Some months ago, Joaquín Hortal approached me to write a piece for this newsletter, with the remit of providing some pointers as to what we look for in papers submitted to Journal of Biogeography. In some respects this is easy to do in that the journal policy is to be inclusive of major traditions within the field and international in scope, within which we give preference to papers posing and answering clearly phrased questions or testing hypotheses of general interest. However, having been given the opportunity, I also wanted to make some comment pertaining to presentation and rigour of papers in the natural sciences generally (i.e. not just submissions to Journal of Biogeography), which is a rather more risky thing to do. Not least because I might see my own words thrown back at me by referees of my papers in the future with the admonishment that I cannot follow my own guidelines as to best practice! I say this because I think it is deceptively difficult to write scientific papers well.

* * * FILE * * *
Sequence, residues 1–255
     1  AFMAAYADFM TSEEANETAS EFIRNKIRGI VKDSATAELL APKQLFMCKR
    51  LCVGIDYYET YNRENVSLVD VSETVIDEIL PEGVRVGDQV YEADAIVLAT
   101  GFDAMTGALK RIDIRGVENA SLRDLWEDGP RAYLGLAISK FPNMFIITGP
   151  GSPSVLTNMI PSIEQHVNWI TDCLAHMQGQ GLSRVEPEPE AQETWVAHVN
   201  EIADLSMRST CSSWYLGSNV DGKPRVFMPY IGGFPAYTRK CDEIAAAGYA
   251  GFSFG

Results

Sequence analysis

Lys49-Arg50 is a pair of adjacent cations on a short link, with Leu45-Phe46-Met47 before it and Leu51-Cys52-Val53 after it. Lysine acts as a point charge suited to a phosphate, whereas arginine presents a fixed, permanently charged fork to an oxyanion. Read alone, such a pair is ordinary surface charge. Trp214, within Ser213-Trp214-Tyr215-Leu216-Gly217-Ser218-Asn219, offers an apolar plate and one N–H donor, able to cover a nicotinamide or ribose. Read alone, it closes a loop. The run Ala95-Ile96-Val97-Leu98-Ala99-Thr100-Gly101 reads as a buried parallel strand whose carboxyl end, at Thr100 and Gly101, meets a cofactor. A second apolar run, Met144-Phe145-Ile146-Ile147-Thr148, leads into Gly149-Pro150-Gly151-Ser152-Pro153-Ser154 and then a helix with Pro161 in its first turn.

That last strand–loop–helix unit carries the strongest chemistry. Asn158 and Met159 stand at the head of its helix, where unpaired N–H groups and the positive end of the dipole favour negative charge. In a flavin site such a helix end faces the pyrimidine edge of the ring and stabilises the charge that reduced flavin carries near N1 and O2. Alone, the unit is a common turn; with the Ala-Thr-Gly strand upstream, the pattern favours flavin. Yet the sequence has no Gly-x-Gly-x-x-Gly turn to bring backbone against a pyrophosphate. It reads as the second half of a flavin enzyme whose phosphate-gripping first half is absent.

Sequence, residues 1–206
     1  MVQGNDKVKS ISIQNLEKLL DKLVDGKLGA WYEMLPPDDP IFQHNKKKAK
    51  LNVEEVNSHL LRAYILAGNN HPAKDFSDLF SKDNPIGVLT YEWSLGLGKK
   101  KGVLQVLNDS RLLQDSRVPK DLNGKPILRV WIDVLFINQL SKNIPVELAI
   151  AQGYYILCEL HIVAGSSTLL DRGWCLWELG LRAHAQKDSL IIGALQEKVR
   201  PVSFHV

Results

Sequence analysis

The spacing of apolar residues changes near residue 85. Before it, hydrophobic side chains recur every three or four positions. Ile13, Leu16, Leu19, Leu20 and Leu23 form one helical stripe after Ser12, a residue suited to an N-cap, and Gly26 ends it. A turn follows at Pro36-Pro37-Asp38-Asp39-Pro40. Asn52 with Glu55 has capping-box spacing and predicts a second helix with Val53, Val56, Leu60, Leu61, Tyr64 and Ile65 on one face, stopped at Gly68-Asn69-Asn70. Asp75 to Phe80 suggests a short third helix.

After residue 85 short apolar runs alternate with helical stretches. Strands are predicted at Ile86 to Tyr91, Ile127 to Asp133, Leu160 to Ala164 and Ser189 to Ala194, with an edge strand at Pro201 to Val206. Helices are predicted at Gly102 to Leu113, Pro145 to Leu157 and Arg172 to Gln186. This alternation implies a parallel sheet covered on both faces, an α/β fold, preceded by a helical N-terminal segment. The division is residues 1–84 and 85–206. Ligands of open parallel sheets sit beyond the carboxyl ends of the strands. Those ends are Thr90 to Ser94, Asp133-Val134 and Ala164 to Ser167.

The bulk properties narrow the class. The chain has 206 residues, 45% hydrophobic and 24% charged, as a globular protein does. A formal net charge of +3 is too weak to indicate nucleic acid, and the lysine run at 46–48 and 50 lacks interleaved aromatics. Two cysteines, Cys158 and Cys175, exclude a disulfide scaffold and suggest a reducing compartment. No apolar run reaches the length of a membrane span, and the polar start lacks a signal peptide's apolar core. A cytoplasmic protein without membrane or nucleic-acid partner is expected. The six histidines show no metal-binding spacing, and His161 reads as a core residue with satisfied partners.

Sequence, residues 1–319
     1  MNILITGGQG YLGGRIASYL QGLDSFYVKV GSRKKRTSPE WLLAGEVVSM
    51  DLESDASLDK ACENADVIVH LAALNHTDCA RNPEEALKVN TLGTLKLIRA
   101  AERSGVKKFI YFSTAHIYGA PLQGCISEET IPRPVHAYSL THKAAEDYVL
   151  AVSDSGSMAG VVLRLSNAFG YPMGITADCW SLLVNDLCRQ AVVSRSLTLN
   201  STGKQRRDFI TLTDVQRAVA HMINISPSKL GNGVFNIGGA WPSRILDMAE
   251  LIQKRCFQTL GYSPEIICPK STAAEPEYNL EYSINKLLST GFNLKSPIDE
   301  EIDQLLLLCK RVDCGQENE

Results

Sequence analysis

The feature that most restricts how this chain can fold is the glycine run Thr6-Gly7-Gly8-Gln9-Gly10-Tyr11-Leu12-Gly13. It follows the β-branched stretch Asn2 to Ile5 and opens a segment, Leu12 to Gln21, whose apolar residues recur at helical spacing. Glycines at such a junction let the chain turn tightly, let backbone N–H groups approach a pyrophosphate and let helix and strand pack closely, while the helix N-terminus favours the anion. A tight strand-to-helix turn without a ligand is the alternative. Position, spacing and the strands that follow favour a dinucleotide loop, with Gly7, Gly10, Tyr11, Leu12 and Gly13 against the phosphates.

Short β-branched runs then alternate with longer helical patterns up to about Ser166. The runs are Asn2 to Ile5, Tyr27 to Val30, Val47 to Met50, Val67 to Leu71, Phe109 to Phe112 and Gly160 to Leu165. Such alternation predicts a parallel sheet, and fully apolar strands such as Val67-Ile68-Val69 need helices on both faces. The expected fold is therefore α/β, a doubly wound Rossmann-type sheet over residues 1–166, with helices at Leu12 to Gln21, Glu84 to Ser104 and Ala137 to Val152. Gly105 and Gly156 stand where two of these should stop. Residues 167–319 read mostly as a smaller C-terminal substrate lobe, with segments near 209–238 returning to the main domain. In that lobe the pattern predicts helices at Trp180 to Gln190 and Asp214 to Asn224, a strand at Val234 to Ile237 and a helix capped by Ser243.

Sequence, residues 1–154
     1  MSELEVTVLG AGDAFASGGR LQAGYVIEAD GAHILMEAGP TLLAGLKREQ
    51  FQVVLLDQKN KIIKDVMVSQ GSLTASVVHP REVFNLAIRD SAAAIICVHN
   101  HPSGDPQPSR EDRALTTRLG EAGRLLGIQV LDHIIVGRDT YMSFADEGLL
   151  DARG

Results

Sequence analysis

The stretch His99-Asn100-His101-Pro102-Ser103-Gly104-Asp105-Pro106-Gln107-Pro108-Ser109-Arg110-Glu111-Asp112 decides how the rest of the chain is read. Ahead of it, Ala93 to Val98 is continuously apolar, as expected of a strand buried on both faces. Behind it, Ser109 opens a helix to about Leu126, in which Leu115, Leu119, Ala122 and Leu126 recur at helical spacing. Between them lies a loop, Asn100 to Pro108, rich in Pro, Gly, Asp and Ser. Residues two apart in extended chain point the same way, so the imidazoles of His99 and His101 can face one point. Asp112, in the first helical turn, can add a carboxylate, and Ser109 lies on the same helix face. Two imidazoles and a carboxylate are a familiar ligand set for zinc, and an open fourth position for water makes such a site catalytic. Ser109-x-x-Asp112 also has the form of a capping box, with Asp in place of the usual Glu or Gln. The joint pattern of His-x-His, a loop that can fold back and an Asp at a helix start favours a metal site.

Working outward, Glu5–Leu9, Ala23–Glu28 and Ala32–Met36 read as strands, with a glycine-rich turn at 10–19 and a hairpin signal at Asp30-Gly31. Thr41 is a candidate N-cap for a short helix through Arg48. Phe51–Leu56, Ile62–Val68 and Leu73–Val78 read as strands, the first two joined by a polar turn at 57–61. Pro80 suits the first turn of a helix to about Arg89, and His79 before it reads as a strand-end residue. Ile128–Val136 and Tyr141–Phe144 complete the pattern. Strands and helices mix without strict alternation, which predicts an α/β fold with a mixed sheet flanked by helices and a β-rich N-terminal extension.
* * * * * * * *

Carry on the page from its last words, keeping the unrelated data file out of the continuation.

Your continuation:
The process of writing the paper should not be regarded as just the bit that comes at the end, after all the challenging scientific stuff of laboratory analysis, experimentation and sophisticated statistical analysis has been done; rather it is integral to shaping the interpretation and developing ideas and arguments, which rarely come to the page fully formed. It involves establishing the context of the work through making multiple connections to the existing literature, which continues to grow at a phenomenal rate. All of this presents significant challenges to the scientific author, requiring a systematic and thorough approach to the task of constructing a paper. The end result must be accurate, meaningful and clearly communicated so that it is understandable by the target audience.